Two Koreas, One Olympic Team

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Two Koreas, One Olympic Team

Former ice hockey player and coach Sarah Murray oversees the hockey game at the practice Olympics match against Sweden.

Former ice hockey player and coach Sarah Murray oversees the hockey game at the practice Olympics match against Sweden.

Photo Courtesy of Flickr

Former ice hockey player and coach Sarah Murray oversees the hockey game at the practice Olympics match against Sweden.

Photo Courtesy of Flickr

Photo Courtesy of Flickr

Former ice hockey player and coach Sarah Murray oversees the hockey game at the practice Olympics match against Sweden.

Priscilla Baek and Julia Kim

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North and South Korea have decided to put politics aside and create the first-ever multi-country Olympic women’s hockey team under a unified name of Korea (COR) on Jan. 18. With both North and South Korean athletes under the new blue and white flag, the hockey team faces challenges of both athleticism and cultural tension going into the 2018 Winter Olympics.

“Fielding a unified team is very meaningful — the biggest fruit that can come from the Pyeongchang Olympics is a message of peace between the Koreas,” Sogang University sports education professor Yongchul Chung said in an interview with NY times. “It’s not like the players wouldn’t understand the historic significance of what they are involved in.”

Though news that surrounds Korea’s unified team is mostly political, head coach Sarah Murray, who will be leading and training the athletes, is trying to focus on the real reason for the Olympics.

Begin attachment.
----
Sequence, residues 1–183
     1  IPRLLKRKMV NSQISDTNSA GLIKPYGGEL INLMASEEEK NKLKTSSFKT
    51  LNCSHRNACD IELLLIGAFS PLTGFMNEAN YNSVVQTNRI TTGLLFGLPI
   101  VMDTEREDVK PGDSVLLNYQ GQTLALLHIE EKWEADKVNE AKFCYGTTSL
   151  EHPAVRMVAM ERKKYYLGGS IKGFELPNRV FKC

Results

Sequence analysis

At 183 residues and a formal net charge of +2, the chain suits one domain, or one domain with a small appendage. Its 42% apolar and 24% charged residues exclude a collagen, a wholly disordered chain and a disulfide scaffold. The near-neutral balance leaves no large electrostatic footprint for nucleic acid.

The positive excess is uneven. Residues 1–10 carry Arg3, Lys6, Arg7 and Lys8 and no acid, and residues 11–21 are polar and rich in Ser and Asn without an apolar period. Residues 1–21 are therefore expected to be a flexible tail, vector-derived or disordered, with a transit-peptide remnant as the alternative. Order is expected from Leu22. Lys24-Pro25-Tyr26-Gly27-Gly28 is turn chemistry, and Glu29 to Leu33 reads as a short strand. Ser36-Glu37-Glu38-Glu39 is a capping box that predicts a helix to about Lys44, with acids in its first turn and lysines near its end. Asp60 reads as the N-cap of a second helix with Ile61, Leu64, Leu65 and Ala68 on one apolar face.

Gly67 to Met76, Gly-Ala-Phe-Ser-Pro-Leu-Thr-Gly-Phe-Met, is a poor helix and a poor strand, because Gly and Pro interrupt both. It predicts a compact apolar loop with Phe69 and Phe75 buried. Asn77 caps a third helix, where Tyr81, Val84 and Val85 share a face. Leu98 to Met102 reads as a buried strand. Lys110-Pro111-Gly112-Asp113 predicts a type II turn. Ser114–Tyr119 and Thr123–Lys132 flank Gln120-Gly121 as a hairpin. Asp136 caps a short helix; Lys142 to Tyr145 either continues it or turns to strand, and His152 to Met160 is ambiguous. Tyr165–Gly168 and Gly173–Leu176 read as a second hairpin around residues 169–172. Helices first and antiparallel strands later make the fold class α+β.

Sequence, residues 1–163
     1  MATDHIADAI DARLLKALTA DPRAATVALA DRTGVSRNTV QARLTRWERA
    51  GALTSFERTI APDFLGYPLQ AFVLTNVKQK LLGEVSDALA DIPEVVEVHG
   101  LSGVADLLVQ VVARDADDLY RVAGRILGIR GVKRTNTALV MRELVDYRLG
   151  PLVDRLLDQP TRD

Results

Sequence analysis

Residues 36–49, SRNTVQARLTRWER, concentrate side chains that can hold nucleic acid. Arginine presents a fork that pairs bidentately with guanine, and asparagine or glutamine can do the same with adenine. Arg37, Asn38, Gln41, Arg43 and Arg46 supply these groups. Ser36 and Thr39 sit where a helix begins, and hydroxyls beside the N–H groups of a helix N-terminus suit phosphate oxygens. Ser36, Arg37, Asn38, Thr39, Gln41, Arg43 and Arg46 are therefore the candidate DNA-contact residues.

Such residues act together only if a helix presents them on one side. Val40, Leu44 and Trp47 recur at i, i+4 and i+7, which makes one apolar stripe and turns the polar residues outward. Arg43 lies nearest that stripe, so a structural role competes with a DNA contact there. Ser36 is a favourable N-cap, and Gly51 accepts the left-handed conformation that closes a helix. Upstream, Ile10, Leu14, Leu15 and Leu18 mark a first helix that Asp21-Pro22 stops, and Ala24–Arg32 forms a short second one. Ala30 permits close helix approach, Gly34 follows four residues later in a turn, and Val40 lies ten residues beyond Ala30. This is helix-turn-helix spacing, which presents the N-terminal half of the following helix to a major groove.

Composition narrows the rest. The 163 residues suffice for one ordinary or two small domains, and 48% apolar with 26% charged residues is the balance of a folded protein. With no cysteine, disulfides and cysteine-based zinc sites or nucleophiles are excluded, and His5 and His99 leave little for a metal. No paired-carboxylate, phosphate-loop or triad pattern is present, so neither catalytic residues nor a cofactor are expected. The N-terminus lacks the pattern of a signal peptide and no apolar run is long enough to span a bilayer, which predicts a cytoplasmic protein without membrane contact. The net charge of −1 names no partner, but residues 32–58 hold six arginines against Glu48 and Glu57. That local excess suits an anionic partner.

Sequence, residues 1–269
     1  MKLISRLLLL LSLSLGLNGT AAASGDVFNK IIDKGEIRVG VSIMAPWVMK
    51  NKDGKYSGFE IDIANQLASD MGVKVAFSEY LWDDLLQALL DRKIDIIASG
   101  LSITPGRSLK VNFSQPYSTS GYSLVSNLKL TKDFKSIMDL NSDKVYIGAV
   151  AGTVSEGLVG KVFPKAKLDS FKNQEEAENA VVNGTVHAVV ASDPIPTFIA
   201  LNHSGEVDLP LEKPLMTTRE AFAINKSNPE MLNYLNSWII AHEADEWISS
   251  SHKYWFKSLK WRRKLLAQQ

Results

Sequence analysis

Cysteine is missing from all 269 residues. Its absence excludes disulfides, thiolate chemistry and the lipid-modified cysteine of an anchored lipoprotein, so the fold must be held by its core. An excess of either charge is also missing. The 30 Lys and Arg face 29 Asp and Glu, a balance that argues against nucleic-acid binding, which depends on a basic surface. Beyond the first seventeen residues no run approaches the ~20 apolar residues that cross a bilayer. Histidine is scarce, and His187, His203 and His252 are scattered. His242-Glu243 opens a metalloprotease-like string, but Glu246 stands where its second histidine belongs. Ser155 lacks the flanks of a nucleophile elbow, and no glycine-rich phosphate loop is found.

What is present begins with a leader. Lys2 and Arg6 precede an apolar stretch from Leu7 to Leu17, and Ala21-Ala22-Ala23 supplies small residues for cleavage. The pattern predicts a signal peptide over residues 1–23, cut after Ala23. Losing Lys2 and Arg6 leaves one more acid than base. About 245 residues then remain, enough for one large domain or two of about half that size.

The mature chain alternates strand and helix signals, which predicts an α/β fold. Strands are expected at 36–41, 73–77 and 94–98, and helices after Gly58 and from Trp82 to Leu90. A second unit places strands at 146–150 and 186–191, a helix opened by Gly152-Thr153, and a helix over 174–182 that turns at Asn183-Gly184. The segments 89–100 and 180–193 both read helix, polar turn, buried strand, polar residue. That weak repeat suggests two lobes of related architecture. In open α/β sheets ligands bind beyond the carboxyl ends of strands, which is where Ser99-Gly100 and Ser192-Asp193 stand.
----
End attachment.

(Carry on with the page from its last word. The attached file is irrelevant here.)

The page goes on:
“Our team being put together was a political statement, but now that the team is together, we are just one team,” Murray said in an interview with OC Register. “Now it is hockey, and we are here to compete. It is not an issue on our team. Our whole team is going to walk in the opening ceremony…I think it is important for our team to walk together and show we are unified.”

Although the team lost 8-0 to Switzerland on Feb. 10, an unexpected result came from this loss: a nomination for the Nobel Peace Prize. America’s International Olympic Committee Executive Board member, Angela Ruggiero, recommended the team for the honorary prize on Feb. 11. The recommendation is in its early stages as Ruggiero will begin to ask others to nominate the joint Korean team.

“I would love the team to get the Nobel Peace Prize…something that is recognizing the sacrifice they made to adjusting their competitions,” Ruggiero said in an interview with Reuters. “As someone who competed in four Olympics and knows it isn’t about you, your team, or your country, I saw the power of what it did last night.”